CALLING ALL SKYWRITERS!
My latest cultural intervention, The Skywriters Project, part of our Big Skies Collaboration, invites creative writers and aspiring writers to author new stories, in any genre, about humanity’s relationship with the Cosmos, as experienced from southeastern Australia’s 700 Kilometre Array region.
If you have a great skystory to tell then join us more >>
SCARLET DOES HONEYSUCKLE CREEK
October 2016: meet Scarlet O’Barbara my research mobile in my latest Big Skies Collaboration blog post about the former NASA tracking station at Honeysuckle Creek in the Australian Capital Territory. These posts, part of our Big Skies Collaboration, are helping me think through my new book project, Skycountry.
More here >>
HOW LONG MUST I WAIT? REFUGEES BEING WAREHOUSED IN INDONESIA
8 September 2016: my multimedia essay, How Long Must I Wait?, about the 14,000 refugees and asylum seekers now being warehoused in Indonesia, was published today by Griffith Review. In it, I introduce ‘Ustad’, a young Hazara father, husband and son from Quetta, in Pakistan’s conflict-ridden Balochistan Province, and two teenage cousins, ‘Karim’ and ‘Ali’, from Afghanistan’s Ghazni Province. Their stories are compelling. Read the essay here or here >>
BIG SKIES COLLABORATION: STORIES OF THE COSMOS
June 2016: A new cultural intervention I’ve co-founded, Big Skies Collaboration, brings together arts practitioners, astronomers and local communities to celebrate people’s relationships with the Cosmos, as experienced from or near the 700 Kilometre Array (700KA) of astronomical observatories in inland rural NSW and the ACT. Our twin goals are to create and inspire new and thrilling works on astronomical themes, and to offer country people some of the cultural opportunities their city cousins now take for granted. Read more >>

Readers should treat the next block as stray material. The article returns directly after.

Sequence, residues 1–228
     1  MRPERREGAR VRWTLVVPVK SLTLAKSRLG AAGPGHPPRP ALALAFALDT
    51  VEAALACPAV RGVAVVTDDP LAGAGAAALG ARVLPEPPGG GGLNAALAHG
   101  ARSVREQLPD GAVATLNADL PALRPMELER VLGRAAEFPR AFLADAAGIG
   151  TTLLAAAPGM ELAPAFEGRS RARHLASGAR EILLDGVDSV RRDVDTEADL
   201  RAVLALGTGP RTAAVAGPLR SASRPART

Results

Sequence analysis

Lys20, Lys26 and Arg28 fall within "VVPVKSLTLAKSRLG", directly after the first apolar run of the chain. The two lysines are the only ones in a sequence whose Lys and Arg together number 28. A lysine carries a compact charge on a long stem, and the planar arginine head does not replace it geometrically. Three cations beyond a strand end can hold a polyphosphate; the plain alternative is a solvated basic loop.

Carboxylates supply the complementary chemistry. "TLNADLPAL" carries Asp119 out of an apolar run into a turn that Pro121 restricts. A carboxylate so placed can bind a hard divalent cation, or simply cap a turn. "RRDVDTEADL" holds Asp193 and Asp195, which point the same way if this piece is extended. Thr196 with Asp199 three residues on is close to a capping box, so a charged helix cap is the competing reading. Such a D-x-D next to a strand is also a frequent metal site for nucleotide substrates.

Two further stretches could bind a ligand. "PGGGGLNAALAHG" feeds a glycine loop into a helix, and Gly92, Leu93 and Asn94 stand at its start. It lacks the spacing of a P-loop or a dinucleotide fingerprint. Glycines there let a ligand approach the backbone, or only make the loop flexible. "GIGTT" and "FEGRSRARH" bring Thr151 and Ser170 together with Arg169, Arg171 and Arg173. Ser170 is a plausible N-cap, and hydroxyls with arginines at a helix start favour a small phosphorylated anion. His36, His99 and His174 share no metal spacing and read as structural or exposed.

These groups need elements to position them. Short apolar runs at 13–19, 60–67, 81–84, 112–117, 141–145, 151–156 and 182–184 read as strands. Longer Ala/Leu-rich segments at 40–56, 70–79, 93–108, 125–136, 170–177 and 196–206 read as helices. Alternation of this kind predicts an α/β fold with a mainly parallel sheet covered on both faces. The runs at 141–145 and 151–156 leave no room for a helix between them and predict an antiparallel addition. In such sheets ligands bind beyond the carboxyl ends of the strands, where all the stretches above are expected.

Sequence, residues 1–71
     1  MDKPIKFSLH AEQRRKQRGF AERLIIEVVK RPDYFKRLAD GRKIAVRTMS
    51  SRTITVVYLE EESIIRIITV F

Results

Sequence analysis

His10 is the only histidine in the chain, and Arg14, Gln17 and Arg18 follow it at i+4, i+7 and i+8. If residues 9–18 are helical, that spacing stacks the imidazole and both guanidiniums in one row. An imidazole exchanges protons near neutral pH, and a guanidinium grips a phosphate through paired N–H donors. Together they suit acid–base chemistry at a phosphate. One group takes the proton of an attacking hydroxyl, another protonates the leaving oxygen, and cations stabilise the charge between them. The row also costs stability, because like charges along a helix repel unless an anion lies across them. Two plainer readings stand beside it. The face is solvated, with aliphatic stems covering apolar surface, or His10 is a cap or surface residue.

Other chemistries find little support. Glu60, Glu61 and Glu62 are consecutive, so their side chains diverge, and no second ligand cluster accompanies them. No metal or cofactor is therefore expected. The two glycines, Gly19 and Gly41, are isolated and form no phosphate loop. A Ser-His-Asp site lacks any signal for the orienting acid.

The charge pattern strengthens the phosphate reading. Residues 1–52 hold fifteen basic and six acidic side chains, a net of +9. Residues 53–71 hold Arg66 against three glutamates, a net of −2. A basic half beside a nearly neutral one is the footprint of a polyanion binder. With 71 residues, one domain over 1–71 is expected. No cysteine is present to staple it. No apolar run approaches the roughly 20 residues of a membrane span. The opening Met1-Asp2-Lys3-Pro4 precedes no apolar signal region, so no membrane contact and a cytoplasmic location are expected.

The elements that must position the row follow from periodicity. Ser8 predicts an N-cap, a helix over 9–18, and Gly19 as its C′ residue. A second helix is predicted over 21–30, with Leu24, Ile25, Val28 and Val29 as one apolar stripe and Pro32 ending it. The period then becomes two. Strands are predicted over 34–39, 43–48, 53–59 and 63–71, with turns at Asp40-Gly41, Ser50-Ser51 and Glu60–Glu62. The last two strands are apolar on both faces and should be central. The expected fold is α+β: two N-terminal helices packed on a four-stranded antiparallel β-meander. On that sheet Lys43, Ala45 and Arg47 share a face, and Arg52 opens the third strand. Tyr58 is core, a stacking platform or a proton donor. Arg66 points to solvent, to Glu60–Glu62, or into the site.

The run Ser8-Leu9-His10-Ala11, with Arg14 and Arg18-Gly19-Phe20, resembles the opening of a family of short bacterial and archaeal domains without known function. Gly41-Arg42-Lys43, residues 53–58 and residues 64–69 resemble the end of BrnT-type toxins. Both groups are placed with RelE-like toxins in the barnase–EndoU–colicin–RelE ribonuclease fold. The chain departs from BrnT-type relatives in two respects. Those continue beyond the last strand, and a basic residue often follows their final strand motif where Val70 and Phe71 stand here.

GEOGRAPHY OF THE SENSES GIG @ DERBYSHIRE ECOCENTRE
I shared my sensory experiences of inland rural Australia at Geography Of The Senses, a Wirksworth Festival Fringe event at the Derbyshire Eco-Centre.
I visited the Eco-Centre remotely via Skype and video (see above). My fellow participants lived more locally, however, so could participate in this gig in the flesh … more >>
STORYING SUSTAINABILITY: THE POWER OF NARRATIVE
UNESCO’s Director General recently insisted that ‘Culture must be integrated in the post 2015 agenda, as a driver and as an enabler of sustainable development’ …. more >>
CONSERVING LOCAL CHINESE HERITAGE